The Nigerian Electricity Regulatory Commission has placed limits on estimated bills that can be issued by electricity distribution companies to unmetered customers.
It said it had cancelled the Estimated Billing Methodology Regulation as a basis for computing the consumption of unmetered customers by the Discos.
NERC disclosed this in its order on the capping of estimated bills in the Nigerian electricity supply industry which it said took effect from February 20, 2020.
The commission said all unmetered R2 and C1 customers should not be invoiced for the consumption of energy beyond the cap stipulated by it.
R2 customers are residential customers who consume more than 50 kilowatt-hour in a month (single phase and three-phase), while C1 customers are small businesses (single and three-phase)
“A consumer of XYZ Disco resident in White Acre under R2 (single phase) tariff class has an energy cap of 78 kilowatt-hour per month and a tariff of N42 per kilowatt-hour. The maximum that XYZ Disco can invoice such a customer is 78kWhr x N24/kWhr = N1,872 per month,” NERC said.
It said all other customers on higher tariff classes must be metered by Discos no later than April 30, 2020, adding customers would not be liable to pay any estimated bill issued if the Disco failed to supply meters.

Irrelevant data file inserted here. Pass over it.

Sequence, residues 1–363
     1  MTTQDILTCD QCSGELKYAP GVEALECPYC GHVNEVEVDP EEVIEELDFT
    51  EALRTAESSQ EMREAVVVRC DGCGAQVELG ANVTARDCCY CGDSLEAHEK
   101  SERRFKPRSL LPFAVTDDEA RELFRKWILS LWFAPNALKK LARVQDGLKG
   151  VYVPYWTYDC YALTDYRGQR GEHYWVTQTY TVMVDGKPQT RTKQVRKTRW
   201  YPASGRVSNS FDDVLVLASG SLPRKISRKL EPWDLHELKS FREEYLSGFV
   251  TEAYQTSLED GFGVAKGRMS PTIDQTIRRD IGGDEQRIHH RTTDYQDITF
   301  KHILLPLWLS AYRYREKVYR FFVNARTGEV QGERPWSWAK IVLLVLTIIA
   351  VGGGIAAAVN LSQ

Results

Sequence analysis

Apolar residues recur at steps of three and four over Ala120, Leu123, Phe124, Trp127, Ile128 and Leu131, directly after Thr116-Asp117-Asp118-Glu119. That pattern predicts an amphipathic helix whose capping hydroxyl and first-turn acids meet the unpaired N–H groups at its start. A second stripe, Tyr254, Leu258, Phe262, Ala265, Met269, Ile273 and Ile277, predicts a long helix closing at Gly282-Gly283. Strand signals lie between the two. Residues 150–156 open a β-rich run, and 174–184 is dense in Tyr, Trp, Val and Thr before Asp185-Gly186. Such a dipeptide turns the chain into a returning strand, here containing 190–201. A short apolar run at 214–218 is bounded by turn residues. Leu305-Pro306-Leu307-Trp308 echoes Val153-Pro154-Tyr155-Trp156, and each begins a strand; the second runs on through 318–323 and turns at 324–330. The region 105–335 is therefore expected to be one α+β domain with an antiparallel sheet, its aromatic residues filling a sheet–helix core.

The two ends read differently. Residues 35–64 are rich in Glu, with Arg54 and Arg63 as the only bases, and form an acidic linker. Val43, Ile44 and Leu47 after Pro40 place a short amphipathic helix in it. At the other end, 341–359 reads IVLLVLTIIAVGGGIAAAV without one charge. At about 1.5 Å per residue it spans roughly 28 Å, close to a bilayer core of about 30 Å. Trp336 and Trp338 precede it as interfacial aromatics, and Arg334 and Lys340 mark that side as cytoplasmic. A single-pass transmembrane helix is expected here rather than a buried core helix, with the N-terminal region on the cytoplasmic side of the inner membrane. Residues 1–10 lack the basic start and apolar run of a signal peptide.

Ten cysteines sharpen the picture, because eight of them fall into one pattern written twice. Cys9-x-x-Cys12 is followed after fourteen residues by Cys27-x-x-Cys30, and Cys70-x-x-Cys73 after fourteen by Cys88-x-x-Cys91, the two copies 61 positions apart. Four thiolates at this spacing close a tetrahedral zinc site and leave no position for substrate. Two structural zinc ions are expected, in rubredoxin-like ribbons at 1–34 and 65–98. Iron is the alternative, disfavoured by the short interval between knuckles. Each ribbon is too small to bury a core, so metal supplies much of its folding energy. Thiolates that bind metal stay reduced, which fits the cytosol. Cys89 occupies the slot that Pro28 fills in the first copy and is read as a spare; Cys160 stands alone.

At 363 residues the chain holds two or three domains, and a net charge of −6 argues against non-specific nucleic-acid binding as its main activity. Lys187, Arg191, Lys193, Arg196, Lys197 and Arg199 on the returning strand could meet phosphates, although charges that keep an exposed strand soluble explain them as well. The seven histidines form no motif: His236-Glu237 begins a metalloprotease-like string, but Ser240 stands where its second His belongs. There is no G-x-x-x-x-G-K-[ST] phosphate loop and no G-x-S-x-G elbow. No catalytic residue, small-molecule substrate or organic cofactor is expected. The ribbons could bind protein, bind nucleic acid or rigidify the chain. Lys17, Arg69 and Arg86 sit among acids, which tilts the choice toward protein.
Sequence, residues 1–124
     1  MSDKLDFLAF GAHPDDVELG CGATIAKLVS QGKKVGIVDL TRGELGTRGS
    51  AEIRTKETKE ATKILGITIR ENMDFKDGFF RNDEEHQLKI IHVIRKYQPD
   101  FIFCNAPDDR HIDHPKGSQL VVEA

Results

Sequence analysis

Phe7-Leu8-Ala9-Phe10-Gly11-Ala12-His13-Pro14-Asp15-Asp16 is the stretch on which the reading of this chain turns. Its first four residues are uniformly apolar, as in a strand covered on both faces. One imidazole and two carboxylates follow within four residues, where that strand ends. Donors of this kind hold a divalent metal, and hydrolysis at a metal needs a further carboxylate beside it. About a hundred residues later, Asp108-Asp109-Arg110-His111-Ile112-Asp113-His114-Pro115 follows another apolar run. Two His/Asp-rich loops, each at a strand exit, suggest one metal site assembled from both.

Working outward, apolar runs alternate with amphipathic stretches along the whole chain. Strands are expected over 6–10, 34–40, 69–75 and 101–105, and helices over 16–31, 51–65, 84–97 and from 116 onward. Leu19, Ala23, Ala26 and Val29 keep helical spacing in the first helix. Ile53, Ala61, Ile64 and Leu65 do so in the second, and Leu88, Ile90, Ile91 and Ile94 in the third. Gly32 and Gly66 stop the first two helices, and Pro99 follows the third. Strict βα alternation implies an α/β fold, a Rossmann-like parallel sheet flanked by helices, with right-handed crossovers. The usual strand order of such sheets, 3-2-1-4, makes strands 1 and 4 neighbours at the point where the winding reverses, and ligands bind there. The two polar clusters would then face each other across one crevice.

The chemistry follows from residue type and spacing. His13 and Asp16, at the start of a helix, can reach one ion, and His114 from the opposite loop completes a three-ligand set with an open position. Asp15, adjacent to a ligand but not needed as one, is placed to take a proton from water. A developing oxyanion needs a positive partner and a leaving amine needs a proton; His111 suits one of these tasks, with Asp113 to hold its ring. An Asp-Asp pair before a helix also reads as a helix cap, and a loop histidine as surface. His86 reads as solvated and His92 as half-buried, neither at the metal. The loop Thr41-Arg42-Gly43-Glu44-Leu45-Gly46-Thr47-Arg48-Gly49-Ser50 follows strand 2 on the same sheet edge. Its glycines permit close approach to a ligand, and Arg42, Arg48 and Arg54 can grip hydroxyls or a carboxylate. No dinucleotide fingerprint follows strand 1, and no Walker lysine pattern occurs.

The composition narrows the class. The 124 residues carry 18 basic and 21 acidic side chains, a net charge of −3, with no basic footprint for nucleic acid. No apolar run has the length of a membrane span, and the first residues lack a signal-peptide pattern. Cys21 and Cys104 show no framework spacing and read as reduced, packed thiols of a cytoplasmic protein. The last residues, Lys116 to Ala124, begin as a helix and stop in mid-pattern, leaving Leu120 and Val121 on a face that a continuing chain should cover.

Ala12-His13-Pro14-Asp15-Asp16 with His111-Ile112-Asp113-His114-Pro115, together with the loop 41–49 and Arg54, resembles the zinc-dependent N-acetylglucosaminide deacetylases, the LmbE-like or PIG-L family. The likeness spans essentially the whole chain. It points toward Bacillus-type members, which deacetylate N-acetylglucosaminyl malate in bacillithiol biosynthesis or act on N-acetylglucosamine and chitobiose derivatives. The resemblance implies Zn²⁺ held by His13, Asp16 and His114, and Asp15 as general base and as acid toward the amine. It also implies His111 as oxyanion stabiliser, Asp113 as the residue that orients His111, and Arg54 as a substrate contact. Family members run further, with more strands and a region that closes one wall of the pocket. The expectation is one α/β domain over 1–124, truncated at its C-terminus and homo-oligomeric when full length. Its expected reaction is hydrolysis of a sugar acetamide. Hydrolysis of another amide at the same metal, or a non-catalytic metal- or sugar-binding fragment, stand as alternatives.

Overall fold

“The customer shall remain connected to supply without further payment to the Discos until a meter is installed on the premises under the framework work of MAP Regulations or any other financing arrangement approved by the commission,” NERC said.
According to the order, energy consumed for the purpose of estimated billing is capped during the transitional period till the customers are metered but the actual amount payable shall vary in the event of any approved tariff reviews affecting their customer class.
“Discos shall ensure that all customers on tariff class A1 in their franchise areas are property identified and metered by April 30, 2020,” NERC said.
A1 customers are those that use grid-connected premises for agriculture, water boards, religious houses, government and teaching hospitals, government research institutes and educational establishments that require single or three-phase meters, according to the commission.